Sunday, August 30, 2009
Saturday, August 29, 2009
And what did I learn?
1. Jimmy Page, by his own admission, cannot sing.
2. The Edge always wears a hat. Always.
3. Jack White isn't British? (I know.)
4. Though I doubt I will ever be as passionate about the guitar as those three dudes are, I am passionate about creativity and self-expression. As Page said, every work of art comes from a creative spark. And that's what every twelve-year-old who hears Led for the first time and signs up for guitar lessons the next day, and every girl who writes a blog, is striving for.
Monday, August 17, 2009
“And so, every year, on the anniversary of her death, Fanny Farnham's ghost wanders through the woods near the house where she lived, wearing only her nightgown, and searching for her lost love.” Jenny concluded her tale in a hushed, dramatic whisper, while Sarah and Lily gazed at her wide-eyed with rapt attention, their chins resting in their hands and their elbows on their knees. The three girls formed a close circle in the tiny tent in Jenny's backyard.
“Wow,” breathed Lily after a second. “That's the most romantic thing I've ever heard.”
“Romantic!” scoffed Sarah. “That's horrible! And kinda creepy.” She flopped onto her stomach, stretching out on top of her Mulan sleeping bag and pulling another Red Vine from the tub in the middle of the tent floor. “Even though I don't believe in ghosts.”
Jenny took a swig from her root beer. Her throat was parched after that long story. She gulped half the can in one swallow, let out a respectable belch, then wiped her mouth with the back of her hand. “Okay,” she said, “one of you guys has to tell a ghost story now.”
“I don't know any,” claimed Lily, nibbling on a Red Vine and examining the sloppy nail polish job Jenny had given her an hour before.
“Just make something up,” Jenny encouraged.
Sarah sat up quickly. “I know!” she cried. “Let's play...” She paused for effect. “Truth or Dare!”
The other two girls' eyes gleamed. They had been introduced to the game at camp earlier in the summer by some older girls, and still thought of it as scandalously sophisticated.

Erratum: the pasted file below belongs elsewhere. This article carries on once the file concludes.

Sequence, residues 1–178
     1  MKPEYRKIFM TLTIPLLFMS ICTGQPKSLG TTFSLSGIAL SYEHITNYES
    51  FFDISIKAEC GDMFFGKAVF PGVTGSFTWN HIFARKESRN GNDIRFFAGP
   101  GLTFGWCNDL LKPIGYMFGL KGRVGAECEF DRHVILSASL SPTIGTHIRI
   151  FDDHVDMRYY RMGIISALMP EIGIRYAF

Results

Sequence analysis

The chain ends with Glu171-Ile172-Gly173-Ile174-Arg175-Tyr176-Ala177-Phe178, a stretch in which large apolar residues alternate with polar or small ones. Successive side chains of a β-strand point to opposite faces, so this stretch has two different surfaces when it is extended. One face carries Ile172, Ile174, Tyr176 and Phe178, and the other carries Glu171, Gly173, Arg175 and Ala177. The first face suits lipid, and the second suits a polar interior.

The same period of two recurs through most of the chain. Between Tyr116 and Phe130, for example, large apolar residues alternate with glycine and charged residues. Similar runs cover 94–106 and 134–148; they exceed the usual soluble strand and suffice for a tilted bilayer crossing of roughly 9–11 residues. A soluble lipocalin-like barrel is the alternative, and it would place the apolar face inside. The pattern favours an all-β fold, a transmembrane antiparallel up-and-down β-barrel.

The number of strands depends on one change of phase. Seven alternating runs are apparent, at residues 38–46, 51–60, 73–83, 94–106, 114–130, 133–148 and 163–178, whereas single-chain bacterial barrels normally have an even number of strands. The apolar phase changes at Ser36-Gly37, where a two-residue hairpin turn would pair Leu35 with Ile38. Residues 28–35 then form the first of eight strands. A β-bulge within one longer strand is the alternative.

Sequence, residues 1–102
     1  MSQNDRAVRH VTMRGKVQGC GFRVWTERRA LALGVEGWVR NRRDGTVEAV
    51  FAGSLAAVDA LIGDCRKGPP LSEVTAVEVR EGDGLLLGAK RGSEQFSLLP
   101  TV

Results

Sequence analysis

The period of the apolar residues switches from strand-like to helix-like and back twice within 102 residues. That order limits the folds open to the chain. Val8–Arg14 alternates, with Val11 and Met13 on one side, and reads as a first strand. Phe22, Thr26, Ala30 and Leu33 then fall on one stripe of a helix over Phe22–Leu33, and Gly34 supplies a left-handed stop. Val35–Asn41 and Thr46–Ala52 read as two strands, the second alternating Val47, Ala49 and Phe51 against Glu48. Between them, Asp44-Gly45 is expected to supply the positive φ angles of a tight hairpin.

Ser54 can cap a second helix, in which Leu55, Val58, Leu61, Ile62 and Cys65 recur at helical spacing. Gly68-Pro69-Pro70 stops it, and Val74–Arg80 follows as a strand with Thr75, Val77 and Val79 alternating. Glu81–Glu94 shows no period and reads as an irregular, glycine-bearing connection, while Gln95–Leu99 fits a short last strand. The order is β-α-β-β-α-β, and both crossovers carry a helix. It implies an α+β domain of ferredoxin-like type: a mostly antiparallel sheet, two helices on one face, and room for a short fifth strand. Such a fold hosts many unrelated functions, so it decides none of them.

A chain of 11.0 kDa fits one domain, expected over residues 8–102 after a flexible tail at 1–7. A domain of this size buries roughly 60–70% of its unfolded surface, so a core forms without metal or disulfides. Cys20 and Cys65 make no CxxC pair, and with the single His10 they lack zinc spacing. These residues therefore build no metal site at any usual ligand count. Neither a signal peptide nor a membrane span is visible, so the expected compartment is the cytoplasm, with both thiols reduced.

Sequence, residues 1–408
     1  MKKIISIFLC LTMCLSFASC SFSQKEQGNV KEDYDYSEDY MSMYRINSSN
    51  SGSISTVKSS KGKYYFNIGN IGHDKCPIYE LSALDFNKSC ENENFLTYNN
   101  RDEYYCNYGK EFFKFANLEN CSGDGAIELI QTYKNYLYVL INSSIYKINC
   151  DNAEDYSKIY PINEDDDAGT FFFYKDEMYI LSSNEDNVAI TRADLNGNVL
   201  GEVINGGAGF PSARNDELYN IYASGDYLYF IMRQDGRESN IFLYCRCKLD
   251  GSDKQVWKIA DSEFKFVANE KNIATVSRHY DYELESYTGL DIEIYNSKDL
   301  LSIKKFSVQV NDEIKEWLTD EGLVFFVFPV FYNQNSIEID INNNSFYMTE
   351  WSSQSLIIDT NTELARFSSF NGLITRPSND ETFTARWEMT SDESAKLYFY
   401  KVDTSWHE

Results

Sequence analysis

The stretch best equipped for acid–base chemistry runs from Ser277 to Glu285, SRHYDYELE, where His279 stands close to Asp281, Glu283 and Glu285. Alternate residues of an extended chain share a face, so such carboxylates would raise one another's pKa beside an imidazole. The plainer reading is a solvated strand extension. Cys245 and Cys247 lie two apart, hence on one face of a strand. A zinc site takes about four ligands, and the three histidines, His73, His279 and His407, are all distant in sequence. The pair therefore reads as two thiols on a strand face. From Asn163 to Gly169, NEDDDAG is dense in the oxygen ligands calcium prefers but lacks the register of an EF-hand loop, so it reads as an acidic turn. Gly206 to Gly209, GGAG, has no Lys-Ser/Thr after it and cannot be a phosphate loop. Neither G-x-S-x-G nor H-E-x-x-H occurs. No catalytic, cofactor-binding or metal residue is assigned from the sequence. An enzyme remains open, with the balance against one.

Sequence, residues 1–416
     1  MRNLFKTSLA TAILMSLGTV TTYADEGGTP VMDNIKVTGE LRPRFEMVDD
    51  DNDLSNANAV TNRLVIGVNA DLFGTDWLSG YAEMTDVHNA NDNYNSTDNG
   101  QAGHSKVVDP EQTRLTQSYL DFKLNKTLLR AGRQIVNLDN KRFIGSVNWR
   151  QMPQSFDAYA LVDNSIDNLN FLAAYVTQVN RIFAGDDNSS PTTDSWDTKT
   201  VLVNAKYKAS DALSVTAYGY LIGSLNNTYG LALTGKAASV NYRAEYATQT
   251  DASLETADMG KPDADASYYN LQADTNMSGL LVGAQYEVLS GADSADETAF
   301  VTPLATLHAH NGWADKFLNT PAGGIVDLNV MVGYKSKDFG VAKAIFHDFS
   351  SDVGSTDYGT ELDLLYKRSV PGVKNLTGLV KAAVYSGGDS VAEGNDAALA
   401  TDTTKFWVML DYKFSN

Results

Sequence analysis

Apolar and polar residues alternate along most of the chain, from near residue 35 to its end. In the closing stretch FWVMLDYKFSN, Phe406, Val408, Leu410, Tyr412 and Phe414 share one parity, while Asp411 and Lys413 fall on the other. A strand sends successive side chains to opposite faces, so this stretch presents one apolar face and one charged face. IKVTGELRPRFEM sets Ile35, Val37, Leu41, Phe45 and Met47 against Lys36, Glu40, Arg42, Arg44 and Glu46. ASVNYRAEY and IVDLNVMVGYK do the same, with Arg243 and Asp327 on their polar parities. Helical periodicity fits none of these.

“Okay,” they giggled, instinctively scooting closer together around the tub of Red Vines and the flashlight balanced on its end so that it cast its light in a cone toward the tent's ceiling.
“I'll go first,” said Jenny. “Lily. Truth or dare?”
Lily narrowed her eyes and scrunched her mouth up, then nodded. “Truth,” she decided.
Sarah snickered. “Chicken.” Lily stuck out her tongue, then turned her attention to Jenny, who wore a wicked grin.
“Okay,” Jenny said. “Did you kiss Kevin Plasky on the tire swing on the last day of school?”
Lily's pale face turned bright red before she covered it with her hands. “You did, didn't you!” cried Sarah.
Lily looked up. “Did you see?”
Jenny nodded. “He's a sixth-grader! Are you his girlfriend?”
Lily shook her head. “No! He's so stupid! And gross.”
“Then why did you kiss him?” Sarah wondered.
Lily shook her head again. “I dunno. Isn't it my turn now?”
“Oh, come on!” squealed Jenny. “You have to tell us!”
With a deep sigh, Lily shrugged and said, “I really don't know, you guys. I guess I just felt like it. Can I puh-leeeeease take my turn now?”
Jenny and Sarah looked at each other and wordlessly agreed to take pity. Sarah nodded. “Fine,” said Jenny.
“Okay,” began Lily, immediately perking up. “Sarah. Truth or dare?”
“Well,” said Sarah, “I'm not a chicken, like some people, so dare.”
Lily giggled and rubbed her palms together. “I dare you to... go into the woods, take off your panties, and hang them on a tree!”
Jenny burst out laughing. “That's such a good one!”
“All right,” said Sarah nonchalantly, standing and picking her way to the tent door. Jenny and Lily followed her outside, and they stood on the cool grass in their pajamas and bare feet, looking toward the woods that grew right up to the edge of the lawn.
“This is the easiest dare ever,” Sarah boasted, and started toward the trees.